The Zimbabwean government last week cancelled the academic year as universities and schools found it impossible to continue operating with the collapse of the country's economy. At the University of Zimbabwe, the country leading tertiary institution, a notice on a faculty building told students lectures would begin "on a date to be advised". But university vice-chancellor Levy Nyagura was quoted as saying the university had no water, no electricity and no funds.
Nearly 1,160,000 students have started the new academic year in Algeria, including 260,000 freshers, according to the Ministry of Higher Education and Scientific Research. But despite the assurances of the Minister, Rachid Haraouabia, La Tribune of Algiers questioned whether universities had the capacity to cater for so many students.
The governing council of Nigeria's National Postgraduate Medical College has rejected moves by the National Universities Commission to undermine its autonomy on the issue of academics needing doctoral qualifications. Many lecturers at the country's only postgraduate medical college possess post-degree fellowship qualifications from the institution rather than PhDs.
Science departments in Zimbabwe's universities have been hardest hit by a brain drain that has been blamed mostly on poor salaries. Last week low pay prompted lectures at all state-run higher education institutions go on strike as part of wider civil service industrial action.
Two things never disappear from the grievance lists of South African students – fees and accommodation. No sooner had the 2010 academic year begun than students at some universities clashed with administrations and the police over fee hikes and lousy residences. Students renewed their call for free higher education while universities reported that student debt now tops R2.8 billion (US$363 million).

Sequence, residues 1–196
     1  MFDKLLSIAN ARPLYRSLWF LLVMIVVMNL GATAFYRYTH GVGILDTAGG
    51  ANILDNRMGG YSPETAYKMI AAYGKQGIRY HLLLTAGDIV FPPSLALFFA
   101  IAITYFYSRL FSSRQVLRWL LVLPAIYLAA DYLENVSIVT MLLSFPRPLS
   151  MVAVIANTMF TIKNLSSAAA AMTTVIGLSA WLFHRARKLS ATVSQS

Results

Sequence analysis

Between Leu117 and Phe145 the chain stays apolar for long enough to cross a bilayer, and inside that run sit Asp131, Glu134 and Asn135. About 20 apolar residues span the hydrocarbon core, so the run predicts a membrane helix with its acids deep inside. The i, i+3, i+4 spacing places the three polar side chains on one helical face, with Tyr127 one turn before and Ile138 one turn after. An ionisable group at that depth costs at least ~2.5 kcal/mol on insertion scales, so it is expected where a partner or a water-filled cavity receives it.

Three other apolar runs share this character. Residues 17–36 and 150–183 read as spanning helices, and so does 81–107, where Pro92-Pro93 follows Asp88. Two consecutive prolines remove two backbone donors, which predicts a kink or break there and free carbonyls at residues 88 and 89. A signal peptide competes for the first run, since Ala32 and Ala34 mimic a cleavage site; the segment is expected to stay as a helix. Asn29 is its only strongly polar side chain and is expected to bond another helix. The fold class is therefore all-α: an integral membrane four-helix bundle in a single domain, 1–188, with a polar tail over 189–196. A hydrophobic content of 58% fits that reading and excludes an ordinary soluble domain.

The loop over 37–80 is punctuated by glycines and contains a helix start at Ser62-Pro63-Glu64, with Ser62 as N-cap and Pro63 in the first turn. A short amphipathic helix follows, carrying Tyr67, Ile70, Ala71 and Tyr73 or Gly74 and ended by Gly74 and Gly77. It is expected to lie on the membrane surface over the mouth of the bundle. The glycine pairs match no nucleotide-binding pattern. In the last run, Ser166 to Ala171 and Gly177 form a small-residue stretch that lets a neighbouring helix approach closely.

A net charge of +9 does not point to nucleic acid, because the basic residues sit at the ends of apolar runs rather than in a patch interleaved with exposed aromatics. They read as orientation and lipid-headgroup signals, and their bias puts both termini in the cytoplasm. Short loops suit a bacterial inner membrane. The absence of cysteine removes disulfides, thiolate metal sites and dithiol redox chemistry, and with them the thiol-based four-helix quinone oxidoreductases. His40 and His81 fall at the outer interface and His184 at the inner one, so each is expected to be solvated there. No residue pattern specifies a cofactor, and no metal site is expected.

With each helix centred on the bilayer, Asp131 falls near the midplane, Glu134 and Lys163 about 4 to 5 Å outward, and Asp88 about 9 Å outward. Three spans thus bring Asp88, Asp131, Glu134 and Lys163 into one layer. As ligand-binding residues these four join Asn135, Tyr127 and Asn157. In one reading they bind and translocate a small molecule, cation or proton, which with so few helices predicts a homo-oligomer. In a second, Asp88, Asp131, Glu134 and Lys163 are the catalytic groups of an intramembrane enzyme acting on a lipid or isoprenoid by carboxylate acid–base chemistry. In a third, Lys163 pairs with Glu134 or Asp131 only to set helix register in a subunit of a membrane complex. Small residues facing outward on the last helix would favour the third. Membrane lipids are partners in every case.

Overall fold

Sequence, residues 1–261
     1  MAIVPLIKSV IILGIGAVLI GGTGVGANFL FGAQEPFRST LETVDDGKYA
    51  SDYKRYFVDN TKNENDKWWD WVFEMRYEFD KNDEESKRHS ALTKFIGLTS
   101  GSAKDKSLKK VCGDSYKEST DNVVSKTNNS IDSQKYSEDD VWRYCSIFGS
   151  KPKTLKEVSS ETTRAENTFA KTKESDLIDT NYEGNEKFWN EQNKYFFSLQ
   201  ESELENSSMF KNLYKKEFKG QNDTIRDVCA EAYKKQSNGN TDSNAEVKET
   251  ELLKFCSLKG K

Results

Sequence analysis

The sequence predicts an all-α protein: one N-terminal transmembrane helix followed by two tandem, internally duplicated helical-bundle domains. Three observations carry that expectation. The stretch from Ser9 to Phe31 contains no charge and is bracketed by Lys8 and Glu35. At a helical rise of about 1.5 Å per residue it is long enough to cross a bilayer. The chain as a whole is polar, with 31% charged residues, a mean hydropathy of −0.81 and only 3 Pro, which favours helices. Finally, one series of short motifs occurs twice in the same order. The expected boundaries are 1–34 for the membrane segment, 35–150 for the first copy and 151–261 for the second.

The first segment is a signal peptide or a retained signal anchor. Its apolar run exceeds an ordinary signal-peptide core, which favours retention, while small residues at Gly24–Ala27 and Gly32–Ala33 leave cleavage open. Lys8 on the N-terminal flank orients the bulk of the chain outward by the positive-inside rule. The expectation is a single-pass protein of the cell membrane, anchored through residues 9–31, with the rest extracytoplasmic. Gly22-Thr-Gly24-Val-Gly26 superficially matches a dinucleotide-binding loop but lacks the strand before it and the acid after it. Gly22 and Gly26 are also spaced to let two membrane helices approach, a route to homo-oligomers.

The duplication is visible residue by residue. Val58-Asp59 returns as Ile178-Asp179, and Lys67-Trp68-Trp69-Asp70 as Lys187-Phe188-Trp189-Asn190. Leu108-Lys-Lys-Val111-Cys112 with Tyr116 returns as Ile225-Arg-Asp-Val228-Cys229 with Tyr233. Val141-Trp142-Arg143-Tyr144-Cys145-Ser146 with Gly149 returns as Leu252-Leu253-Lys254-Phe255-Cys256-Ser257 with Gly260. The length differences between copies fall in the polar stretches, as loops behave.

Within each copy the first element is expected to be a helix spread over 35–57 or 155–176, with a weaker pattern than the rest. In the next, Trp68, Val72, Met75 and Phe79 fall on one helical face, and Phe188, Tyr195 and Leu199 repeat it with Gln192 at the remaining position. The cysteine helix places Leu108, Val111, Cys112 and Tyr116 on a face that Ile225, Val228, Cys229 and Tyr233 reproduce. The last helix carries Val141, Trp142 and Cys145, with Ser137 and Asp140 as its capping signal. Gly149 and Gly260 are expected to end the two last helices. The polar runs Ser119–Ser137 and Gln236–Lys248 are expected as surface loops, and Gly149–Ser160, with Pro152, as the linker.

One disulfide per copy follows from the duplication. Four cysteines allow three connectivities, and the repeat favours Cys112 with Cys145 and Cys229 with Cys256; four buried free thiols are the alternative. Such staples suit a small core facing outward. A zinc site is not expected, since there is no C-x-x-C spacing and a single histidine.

The University of Zambia was rocked by violent protests last week over the government's failure to pay student allowances. Riot police were called in as students' barricaded roads and stoned vehicles, and had to seal the institution to restore order. The country's oldest university has been disrupted by unrest every year for the past decade.
The government of Malawi has bowed to pressure against its controversial quota system by allowing partial implementation of it. The University of Malawi said last week that resident students had been selected using district quotas but non-resident students had been admitted purely on merit – and that it had achieved gender parity among students.
The academic future of 73 students who registered for two newly-introduced degree programmes at the Polytechnic of Namibia last year are uncertain after the government refused to recognise the degrees or provide the students with loans. New applications for the same courses this year have also been thrown into confusion amidst conflicting reports from the polytechnic and the Ministry of Education.